Best Production Design 1915
Set design can be overlooked as an important element in constructing an illusion, but when it’s done badly, you notice immediately. Filmmakers coming from a theatrical tradition suddenly had the power to create much more convincing stages for their players to act on – but also suffered from the fact that the conventional stage doesn’t look as good on screen as in person. Audiences became more demanding, and the cost and skill involved in making a movie set went up correspondingly.
In 1915, a high bar was already place for production designers, and the movies nominated for best production design reflect this. “Young Romance,” in addition to taking advantage of the natural scenery of a Long Island resort, used set design to show the parallels and contrasts in the two leads’ paths and highlight their meeting. Evgeni Bauer, himself a former set designer, contributed two movies to our list. In “Daydreams,” we get a sense of an urban Russian bourgeoisie from long ago, both from outdoor and indoor shots, while “Children of the Age” shows a more decadent, or glamorous, variation on the theme by emphasizing garden parties and romantic rendezvous. In “The Cheat,” we see a similar world in an American context, often by night and with long shadows. Finally, “Alias Jimmy Valentine” shows us fascinating labyrinthine bank vaults and decaying urban tenements.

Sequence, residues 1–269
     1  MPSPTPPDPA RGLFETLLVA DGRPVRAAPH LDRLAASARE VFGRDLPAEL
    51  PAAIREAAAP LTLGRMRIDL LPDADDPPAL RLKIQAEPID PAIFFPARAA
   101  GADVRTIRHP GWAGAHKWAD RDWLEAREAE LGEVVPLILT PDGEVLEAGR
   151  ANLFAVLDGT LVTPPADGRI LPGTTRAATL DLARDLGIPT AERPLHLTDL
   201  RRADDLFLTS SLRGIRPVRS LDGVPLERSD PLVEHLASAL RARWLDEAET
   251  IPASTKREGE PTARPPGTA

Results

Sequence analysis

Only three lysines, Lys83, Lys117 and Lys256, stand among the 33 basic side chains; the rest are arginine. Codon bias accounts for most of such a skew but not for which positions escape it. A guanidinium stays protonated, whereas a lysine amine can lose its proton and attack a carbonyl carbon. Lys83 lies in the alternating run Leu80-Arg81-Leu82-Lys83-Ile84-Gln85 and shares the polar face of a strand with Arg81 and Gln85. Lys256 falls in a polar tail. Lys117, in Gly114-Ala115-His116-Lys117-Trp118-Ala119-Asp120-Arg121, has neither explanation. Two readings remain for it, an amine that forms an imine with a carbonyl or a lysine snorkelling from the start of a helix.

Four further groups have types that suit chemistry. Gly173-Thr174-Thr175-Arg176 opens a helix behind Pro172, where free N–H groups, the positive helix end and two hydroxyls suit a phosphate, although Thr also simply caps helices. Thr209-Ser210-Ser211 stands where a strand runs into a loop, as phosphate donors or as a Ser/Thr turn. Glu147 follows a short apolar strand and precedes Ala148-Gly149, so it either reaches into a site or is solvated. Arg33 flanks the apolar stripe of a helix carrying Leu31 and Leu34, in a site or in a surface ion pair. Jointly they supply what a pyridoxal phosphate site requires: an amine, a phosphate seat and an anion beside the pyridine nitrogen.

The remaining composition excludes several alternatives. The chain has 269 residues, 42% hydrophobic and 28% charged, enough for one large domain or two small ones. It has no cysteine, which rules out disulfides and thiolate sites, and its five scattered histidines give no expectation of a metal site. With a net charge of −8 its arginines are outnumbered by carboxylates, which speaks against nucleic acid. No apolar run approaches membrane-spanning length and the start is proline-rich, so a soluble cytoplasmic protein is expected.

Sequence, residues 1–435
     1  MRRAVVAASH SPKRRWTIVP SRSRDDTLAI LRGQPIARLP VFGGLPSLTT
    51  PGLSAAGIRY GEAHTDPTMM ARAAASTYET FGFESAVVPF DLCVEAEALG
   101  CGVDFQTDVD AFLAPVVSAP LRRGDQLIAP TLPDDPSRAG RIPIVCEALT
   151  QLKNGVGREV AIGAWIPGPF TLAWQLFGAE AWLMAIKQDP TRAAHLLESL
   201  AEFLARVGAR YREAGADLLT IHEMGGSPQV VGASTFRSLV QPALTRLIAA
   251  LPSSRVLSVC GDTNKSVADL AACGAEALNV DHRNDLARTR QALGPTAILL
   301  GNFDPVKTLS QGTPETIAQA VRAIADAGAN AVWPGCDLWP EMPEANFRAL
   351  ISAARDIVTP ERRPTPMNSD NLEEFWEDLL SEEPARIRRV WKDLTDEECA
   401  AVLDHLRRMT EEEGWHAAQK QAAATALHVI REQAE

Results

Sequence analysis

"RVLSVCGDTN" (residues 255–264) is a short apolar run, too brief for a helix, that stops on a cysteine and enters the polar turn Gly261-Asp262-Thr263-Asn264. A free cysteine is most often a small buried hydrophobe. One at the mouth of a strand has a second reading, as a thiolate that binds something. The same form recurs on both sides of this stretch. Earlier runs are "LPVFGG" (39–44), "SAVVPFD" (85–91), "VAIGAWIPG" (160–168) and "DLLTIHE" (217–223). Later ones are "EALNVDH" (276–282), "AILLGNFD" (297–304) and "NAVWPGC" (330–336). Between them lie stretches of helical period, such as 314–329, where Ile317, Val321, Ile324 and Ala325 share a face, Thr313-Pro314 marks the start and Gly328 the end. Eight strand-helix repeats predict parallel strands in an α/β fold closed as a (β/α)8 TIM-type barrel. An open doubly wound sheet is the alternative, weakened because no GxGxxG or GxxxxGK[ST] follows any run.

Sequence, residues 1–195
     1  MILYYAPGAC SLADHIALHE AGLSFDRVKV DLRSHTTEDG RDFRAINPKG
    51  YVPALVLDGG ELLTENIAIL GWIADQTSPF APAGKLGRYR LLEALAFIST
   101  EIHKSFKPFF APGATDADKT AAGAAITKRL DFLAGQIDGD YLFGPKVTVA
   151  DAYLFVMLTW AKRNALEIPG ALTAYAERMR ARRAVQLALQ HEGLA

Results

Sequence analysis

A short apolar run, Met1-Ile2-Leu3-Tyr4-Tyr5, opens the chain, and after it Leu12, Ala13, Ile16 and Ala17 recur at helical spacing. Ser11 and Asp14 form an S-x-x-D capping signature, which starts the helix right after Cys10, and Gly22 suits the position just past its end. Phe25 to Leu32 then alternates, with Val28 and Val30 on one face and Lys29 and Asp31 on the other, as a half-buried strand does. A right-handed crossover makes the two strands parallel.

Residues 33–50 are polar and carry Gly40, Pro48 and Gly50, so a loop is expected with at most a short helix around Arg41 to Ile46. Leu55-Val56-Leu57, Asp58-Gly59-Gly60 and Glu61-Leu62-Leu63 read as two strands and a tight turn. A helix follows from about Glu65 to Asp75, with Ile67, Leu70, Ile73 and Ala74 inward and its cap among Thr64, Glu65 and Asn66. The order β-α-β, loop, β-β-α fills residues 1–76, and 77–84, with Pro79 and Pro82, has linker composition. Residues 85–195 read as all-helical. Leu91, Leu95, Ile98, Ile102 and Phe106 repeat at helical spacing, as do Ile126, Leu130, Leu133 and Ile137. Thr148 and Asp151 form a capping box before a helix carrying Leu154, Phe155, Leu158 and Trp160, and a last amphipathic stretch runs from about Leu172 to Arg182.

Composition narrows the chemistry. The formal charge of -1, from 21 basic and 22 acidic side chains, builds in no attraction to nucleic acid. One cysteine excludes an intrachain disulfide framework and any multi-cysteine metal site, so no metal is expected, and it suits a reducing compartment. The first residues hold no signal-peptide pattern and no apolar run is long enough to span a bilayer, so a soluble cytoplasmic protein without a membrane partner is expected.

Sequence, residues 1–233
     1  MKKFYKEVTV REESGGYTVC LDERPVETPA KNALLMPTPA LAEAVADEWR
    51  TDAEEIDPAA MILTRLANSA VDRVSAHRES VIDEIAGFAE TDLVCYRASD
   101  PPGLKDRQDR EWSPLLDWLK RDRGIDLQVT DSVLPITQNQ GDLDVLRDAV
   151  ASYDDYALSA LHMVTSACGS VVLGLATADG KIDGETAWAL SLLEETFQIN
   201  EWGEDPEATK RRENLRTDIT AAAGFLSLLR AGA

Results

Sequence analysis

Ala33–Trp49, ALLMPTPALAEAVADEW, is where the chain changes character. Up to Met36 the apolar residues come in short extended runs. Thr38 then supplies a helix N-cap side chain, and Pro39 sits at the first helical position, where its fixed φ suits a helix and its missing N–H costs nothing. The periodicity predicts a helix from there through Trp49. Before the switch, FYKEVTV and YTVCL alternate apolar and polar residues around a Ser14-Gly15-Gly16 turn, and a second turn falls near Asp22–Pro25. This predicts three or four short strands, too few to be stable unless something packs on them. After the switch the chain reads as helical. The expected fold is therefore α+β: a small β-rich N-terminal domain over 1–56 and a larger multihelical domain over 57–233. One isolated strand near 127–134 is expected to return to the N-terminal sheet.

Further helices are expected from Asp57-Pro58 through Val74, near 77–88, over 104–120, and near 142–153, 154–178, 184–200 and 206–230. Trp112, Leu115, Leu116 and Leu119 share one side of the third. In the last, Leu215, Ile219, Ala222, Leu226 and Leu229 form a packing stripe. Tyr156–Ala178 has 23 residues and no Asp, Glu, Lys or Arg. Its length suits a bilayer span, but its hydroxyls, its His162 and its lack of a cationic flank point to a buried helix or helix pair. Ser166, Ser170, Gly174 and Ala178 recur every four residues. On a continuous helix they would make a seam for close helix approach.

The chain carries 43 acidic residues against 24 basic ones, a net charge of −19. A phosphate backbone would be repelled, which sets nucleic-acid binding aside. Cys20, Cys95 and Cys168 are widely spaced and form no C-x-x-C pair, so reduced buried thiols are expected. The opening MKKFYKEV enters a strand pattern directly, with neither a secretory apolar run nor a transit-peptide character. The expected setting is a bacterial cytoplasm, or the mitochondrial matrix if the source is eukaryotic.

The nominees for Best Production Design for 1915 are…
And the winner is…”Children of the Age!”
Bauer’s unique eye for mise-en-scène gives us a fascinating world of contrasts: from the simple home of the working man to the backlit greenhouse where his wife and her future lover meet. While the others were all worth celebrating, this was finally my favorite.